About Loyola University Health System

Loyola University Health System is part of the Trinity Health network. Trinity Health has been at the forefront of enacting meaningful health care reform since 2006.

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“We rely heavily on prospect research in all that we do,” says Tony Englert, vice president development & external affairs at Loyola University Health System. “We began applying prospect research to our fundraising efforts about 10 years ago and have been increasingly committed to a systematic strategy throughout the years. In fact, our proactive prospect research strategy feeds into all of our fundraising activities, delivering strong results dramatically increasing giving to Loyola.”

Explains Englert, “While we were in a campaign for some of those ‘boom’ years, our prospect research strategy was developed to support long-term major gift growth. For example, prior to the campaign, our board was more operational and had not necessarily focused on fundraising. However, we used prospect research to review our board for gift capacity and then created a subcommittee of strong donor candidates. As well, we created a President’s Council of non-board members focused on development. The first time the health system board was asked to give was in 2007 during the silent phase of the campaign.

Patient Screening Strategy

Another contributor to the proactive strategy is the active recruitment of grateful patients as donors. Loyola’s routine screening mix ensures that no opportunity is missed to connect with a major gift prospect while they are on public census (onsite) and that patients are segmented and targeted for the right fundraising initiative within the best timeframe—30-60 days after receiving care. Loyola’s program follows:

  • Daily inpatient review—40-50 patients are identified daily for immediate contact. On average, 52% of those screened with a capacity of $100,000 or higher are still on public census, creating opportunity for development staff to connect.with potential donors.
  • Monthly inpatient and outpatient review—approximately 7,000 individuals are screened each month. Staff follow-up is done via telephone or direct mail, depending on gift capacity. A shift in screening vendors and use of WealthEngine analytics for direct mail appeals has resulted in a 24% increase in the number of gifts and a 30% increase in average gift amounts in the first three quarters of 2010 compared to 2009 giving.
  • Occasional groups—smaller groups, such as the school of medicine alumni, are screened for special events, annual fund and other targeted projects.

“Much of our excitement moving forward has to do with the potential ahead of us,” says Englert. Loyola has established the groundwork through regular screening and have enough metrics in place to forecast. All indicators show that they are on an upward path to attain higher levels of success with our grateful patient program.

Donor Management System Integration

Loyola uses BSR Advance as its donor management system (DMS). To ensure that key prospect data is captured and available to the development team, Loyola follows the following process:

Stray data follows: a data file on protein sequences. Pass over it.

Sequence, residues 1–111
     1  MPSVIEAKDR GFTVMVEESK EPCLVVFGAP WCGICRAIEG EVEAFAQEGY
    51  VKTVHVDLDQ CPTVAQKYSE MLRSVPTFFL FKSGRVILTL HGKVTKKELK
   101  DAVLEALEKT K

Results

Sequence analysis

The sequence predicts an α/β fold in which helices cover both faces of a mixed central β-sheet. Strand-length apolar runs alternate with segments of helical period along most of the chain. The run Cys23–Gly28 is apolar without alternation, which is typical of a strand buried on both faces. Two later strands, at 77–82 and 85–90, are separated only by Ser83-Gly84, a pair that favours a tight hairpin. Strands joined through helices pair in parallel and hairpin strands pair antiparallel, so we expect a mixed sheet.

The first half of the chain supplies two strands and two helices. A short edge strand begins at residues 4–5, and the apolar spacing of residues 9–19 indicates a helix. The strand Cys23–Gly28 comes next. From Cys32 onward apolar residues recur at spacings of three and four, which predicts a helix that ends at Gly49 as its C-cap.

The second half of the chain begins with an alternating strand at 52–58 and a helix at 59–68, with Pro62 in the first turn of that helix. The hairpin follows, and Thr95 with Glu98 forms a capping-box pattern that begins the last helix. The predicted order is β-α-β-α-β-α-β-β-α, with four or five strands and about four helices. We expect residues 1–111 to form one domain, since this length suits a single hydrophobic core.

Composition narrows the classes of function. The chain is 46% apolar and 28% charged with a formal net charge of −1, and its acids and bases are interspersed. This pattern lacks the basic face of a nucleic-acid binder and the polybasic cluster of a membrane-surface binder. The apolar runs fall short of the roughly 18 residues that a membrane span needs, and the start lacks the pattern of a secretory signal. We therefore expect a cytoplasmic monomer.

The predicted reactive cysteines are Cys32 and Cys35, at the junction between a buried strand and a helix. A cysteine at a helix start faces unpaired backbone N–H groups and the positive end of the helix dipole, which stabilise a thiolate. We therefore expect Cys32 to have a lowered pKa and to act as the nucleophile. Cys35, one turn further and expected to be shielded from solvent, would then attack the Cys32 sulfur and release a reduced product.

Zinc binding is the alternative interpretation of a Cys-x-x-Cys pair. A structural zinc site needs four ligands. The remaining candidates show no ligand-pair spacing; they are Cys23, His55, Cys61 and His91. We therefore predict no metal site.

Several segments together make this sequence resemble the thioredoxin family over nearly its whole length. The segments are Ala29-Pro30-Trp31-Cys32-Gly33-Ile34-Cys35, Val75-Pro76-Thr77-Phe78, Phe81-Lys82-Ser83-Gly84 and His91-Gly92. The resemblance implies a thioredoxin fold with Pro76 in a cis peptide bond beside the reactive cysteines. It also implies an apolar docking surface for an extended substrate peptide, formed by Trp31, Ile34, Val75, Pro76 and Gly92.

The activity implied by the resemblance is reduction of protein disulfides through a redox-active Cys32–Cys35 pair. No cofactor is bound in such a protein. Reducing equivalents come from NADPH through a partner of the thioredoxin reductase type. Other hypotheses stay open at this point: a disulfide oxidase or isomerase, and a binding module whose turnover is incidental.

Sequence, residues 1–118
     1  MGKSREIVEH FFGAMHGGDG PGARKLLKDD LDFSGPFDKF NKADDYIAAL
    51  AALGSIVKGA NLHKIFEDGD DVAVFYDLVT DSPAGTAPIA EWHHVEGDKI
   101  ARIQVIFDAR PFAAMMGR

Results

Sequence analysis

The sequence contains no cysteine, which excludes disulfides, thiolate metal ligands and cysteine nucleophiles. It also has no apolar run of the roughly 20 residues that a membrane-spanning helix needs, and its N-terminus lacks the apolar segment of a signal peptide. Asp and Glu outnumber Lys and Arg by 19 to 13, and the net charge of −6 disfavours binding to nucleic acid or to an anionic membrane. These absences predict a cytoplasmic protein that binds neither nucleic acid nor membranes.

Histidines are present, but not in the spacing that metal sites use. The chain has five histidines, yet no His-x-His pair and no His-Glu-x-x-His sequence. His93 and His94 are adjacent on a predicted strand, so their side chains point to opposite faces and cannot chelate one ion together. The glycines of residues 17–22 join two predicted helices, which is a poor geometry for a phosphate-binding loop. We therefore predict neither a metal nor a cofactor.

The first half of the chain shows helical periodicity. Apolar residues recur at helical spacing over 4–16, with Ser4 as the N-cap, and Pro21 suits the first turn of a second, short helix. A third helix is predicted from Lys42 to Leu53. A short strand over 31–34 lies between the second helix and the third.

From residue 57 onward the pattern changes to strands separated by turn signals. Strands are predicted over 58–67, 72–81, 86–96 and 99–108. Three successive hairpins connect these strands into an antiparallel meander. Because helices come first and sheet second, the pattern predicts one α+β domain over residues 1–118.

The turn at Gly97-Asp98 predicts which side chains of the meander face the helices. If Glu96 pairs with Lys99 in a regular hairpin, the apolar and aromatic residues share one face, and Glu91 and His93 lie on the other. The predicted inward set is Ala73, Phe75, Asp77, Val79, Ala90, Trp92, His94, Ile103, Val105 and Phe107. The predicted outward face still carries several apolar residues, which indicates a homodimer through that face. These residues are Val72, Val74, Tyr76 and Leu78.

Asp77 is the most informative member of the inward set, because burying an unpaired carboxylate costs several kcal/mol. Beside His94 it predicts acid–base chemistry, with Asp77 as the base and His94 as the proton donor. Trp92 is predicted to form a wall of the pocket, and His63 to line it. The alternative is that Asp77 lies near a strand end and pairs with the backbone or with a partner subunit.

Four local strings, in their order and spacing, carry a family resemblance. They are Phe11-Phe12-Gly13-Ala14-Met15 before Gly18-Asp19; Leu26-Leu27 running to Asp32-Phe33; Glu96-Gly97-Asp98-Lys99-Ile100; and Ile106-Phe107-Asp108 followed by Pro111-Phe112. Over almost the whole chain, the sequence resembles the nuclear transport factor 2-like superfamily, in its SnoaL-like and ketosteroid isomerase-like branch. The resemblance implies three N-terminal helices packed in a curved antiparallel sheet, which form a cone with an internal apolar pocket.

• First, patient data is sent to WealthEngine daily . The results are returned to a research analyst prior to arrival for work. The analyst reviews and validates the findings, circulating the prospects to the development team by mid-morning.
  • Validation involves identifying anyone with a $250,000 or higher gift capacity. The analyst compares real estate to tax accessor records, reviews WealthEngine’s data from MarketGuide, D&B and other key databases. “At first, we looked at anyone with a $100,000+ gift capacity, but found the volume too high for timely action so we adjusted the capacity level to better fit our workflow,” explains the analyst.
  • The data is then de-duped with Loyola’s “match report;” a turnkey report that flags any new patient who is already a possible match in the database. If they are a match, the patient record is linked to the database. No patient records are kept in Loyola’s DMS BSR Advance database.
  • A report for development officers is produced for the designated prospect manager.

Prospect Cultivation

A staff member may visit the patient if they are still onsite, and then follows up with a note or phone call. She qualifies each prospect and the prospect is transitioned to a major gift officer.

“Of the 172 that were visited within the last nine months, six have been transitioned to major gift officers as having a strong likelihood to give,” explains Englert. “Remember, these are brand new prospects with a capacity of $250,000 or higher— so the return on investment from just one gift is significant.”

Englert summarizes, “Giving from individuals represents roughly 65% of our overall fundraising (from both the medical school alumni and patients). Forty percent of the overall dollars raised ($16.7M in 2009) comes from our friends of the health system—patients, family members of patients and the community. It all boils down to the importance of screening in terms of expediency. Everyone knows that gratitude decreases with time; we have instituted a proactive strategy for moving on the data in a timely and integrated manner.

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